Politics & Government

Farm groups pleased with governor's vetoes

SACRAMENTO -- Valley farm groups on Monday celebrated Gov. Schwarzenegger's veto of a pair of bills that would have given farmworkers the option to unionize by signing cards instead of casting secret ballots.

The vetoes -- which disheartened the United Farm Workers union -- were among the final bill announcements the governor issued late Sunday night, less than two hours before a midnight deadline to act on legislation passed this year.

The governor also announced the signing of a controversial bill that will raise "smog abatement" fees by $8 per vehicle to pay for alternative fuel research and vehicle replacement programs.

Some Valley leaders said the program might help clean the region's notoriously bad air. But other environmental activists worried that poor people might not be able to afford the fee increase.

The two farmworker bills, a top priority of the UFW, were aimed at stopping companies from intimidating workers against joining a union.

Industry groups -- including Valley-based farm organizations -- strongly opposed the bills, saying workers already have adequate protections.

Senate Bill 180, by Carole Migden, D-San Francisco, would have given farmworkers the option to unionize through "card-check" organizing. If a majority of workers signed cards, the union would have been certified. SB 650, which also was vetoed, was identical to SB 180, except that it would have expired in 2013.

The governor said the "card check process fundamentally alters an employee's right to a secret ballot election" and "limits the opportunity for employees to hear or consider other points of view," according to a veto statement.

California Grape and Tree Fruit League President Barry Bedwell, who led the lobbying against the bills, said the governor "sent a clear message" about the right to a secret ballot.

For several days last month, farmworkers from across the state came to Sacramento to demonstrate around the clock in favor of the bill. Arturo Rodriguez, president of the UFW, personally lobbied the governor.

UFW spokesman Marc Grossman said "the veto is pretty devastating for farmworkers."

The legislation's fate might have been sealed by its placement earlier this year on the California Chamber of Commerce's "job killer" bill list.

Schwarzenegger, a moderate Republican, has angered plenty of GOP interest groups in the last couple years -- especially with his drive to enact regulations to stem global warming. But he clearly pays attention to the job-killer list. Since taking office, he has vetoed 90% of the bills that make the list, according to the chamber.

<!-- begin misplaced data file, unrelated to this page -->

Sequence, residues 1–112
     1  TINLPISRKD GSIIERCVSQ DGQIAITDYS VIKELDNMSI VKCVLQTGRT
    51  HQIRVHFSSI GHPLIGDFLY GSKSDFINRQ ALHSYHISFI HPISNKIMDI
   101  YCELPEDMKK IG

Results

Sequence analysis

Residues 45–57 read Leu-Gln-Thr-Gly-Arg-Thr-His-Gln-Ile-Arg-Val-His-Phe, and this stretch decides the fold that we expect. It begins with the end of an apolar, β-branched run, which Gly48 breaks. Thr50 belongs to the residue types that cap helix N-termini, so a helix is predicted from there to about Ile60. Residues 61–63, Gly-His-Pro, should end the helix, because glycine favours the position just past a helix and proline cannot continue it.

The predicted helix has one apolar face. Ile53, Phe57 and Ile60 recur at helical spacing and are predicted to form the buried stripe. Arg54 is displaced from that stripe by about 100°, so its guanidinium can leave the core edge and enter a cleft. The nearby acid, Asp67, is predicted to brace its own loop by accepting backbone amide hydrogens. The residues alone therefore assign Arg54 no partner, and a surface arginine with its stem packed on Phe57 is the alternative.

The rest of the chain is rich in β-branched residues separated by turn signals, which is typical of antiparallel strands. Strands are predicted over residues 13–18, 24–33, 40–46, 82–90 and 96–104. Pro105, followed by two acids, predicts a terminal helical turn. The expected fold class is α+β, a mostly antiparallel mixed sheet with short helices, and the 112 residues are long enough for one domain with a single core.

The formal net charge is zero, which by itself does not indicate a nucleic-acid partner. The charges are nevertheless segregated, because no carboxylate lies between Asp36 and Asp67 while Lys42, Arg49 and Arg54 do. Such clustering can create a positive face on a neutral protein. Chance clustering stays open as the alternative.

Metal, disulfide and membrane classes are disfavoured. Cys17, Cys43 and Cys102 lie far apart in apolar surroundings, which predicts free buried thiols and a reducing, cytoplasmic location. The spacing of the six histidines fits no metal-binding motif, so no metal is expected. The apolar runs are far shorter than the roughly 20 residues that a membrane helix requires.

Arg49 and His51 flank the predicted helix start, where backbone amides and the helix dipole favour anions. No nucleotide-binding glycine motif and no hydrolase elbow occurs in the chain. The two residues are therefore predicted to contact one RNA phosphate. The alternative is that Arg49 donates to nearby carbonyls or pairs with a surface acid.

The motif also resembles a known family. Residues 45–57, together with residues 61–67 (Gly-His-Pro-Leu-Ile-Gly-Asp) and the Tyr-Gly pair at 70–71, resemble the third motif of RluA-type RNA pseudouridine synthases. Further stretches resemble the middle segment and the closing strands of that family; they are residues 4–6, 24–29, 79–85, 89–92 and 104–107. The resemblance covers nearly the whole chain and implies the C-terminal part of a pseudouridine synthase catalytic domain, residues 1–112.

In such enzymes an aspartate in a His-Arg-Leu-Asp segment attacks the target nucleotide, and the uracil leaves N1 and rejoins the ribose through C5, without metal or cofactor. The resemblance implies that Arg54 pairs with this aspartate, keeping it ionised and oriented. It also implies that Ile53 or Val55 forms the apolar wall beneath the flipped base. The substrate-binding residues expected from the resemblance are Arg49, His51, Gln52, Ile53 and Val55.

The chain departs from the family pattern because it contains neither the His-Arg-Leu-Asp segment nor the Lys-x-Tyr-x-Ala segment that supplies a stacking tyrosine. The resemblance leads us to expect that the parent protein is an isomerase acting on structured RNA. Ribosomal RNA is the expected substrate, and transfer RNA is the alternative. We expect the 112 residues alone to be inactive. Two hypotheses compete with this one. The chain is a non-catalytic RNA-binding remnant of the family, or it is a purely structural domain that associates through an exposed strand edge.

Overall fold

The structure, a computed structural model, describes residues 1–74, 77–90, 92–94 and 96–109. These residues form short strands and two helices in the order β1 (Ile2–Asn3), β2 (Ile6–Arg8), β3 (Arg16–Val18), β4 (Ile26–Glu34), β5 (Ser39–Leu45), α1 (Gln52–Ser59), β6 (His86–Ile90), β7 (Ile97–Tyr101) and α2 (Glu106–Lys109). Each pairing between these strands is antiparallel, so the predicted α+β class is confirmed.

Under the current process, farmworkers wishing to join a union must first submit a petition signed by a majority of employees. The state Agricultural Relations Board must then hold a secret-ballot election within seven days.

Unions say that during the waiting period, businesses discourage yes votes by intimidating workers, including threatening to close down if the union wins, or firing or blacklisting pro-union workers.

The process "leaves too much room for abuse," Grossman said.

The bill to increase vehicle fees for clean air programs was authored by Assembly Speaker Fabian Núñez, D-Los Angeles.

Núñez, in a statement, said Assembly Bill 118 will help the state reduce greenhouse gas emissions and move California "closer to the day when fewer children will have to start their mornings by taking a hit from asthma inhalers."

Beginning July 1, 2008, "smog abatement fees" imposed on newer vehicles exempted from the state's smog-check program will jump from $12 to $20, and the vehicle registration fee will increase from $31 to $34. Proceeds will pay for research into alternative fuels and cleaner-burning vehicles.

Payments also will be made to residents who voluntarily replace high-polluting vehicles. It's estimated the new fees will raise about $200 million a year.

Pete Weber, a Fresno-area civic leader, said the Valley stands to gain from the new law.

"We probably have more [high-polluting cars] in the Valley than anywhere else in California," he said.

But Valley environmentalists who represent low-income communities said the legislation has serious flaws.

For instance, the fuel research dollars could end up in the hands of big oil companies, which might have paid for such studies anyway, said Carolina Simunovic, an air-quality advocate with Fresno Metro Ministry.

AB 118's goals are similar to those of last year's Proposition 87, a failed ballot measure that would have imposed a $4 billion tax on oil production. The oil industry fought hard against that measure but supported AB 118.

Also, Simunovic said, the new fees will place new burdens on low-income residents.

Even more fee increases for clean air programs could be on the way.

A bill that would have given Valley air regulators new authority to raise vehicle registration fees by up to $30 failed to get out of the Legislature this year. But the bill's author, Sen. Dean Florez, D-Shafter, has vowed to try again next year.